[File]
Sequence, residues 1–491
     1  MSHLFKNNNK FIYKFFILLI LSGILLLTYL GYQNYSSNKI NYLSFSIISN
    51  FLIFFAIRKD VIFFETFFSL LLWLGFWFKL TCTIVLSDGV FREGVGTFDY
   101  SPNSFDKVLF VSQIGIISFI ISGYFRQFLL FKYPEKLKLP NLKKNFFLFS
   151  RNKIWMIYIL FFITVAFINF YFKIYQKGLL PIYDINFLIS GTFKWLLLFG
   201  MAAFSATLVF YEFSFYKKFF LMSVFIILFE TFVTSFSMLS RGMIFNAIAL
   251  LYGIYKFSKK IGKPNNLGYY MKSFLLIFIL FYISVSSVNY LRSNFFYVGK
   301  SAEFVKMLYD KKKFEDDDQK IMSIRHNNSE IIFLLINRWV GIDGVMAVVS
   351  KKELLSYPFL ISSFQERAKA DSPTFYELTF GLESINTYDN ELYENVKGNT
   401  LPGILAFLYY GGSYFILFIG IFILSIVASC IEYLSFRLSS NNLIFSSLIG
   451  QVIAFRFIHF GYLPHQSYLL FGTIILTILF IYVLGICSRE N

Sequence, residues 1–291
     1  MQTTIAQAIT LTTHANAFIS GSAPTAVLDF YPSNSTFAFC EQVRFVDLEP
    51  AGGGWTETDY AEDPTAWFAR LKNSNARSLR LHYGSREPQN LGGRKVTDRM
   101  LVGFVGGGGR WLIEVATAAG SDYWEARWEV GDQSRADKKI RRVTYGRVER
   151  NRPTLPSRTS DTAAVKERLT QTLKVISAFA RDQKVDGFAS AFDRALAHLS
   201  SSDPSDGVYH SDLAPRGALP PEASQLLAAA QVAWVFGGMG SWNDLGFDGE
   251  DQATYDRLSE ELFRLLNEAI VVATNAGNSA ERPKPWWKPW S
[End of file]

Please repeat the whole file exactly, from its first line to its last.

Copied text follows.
Sequence, residues 1–491
     1  MSHLFKNNNK FIYKFFILLI LSGILLLTYL GYQNYSSNKI NYLSFSIISN
    51  FLIFFAIRKD VIFFETFFSL LLWLGFWFKL TCTIVLSDGV FREGVGTFDY
   101  SPNSFDKVLF VSQIGIISFI ISGYFRQFLL FKYPEKLKLP NLKKNFFLFS
   151  RNKIWMIYIL FFITVAFINF YFKIYQKGLL PIYDINFLIS GTFKWLLLFG
   201  MAAFSATLVF YEFSFYKKFF LMSVFIILFE TFVTSFSMLS RGMIFNAIAL
   251  LYGIYKFSKK IGKPNNLGYY MKSFLLIFIL FYISVSSVNY LRSNFFYVGK
   301  SAEFVKMLYD KKKFEDDDQK IMSIRHNNSE IIFLLINRWV GIDGVMAVVS
   351  KKELLSYPFL ISSFQERAKA DSPTFYELTF GLESINTYDN ELYENVKGNT
   401  LPGILAFLYY GGSYFILFIG IFILSIVASC IEYLSFRLSS NNLIFSSLIG
   451  QVIAFRFIHF GYLPHQSYLL FGTIILTILF IYVLGICSRE N

Sequence, residues 1–291
     1  MQTTIAQAIT LTTHANAFIS GSAPTAVLDF YPSNSTFAFC EQVRFVDLEP
    51  AGGGWTETDY AEDPTAWFAR LKNSNARSLR LHYGSREPQN LGGRKVTDRM
   101  LVGFVGGGGR WLIEVATAAG SDYWEARWEV GDQSRADKKI RRVTYGRVER
   151  NRPTLPSRTS DTAAVKERLT QTLKVISAFA RDQKVDGFAS AFDRALAHLS
   201  SSDPSDGVYH SDLAPRGALP PEASQLLAAA QVAWVFGGMG SWNDLGFDGE
   251  DQATYDRLSE ELFRLLNEAI VVATNAGNSA ERPKPWWKPW S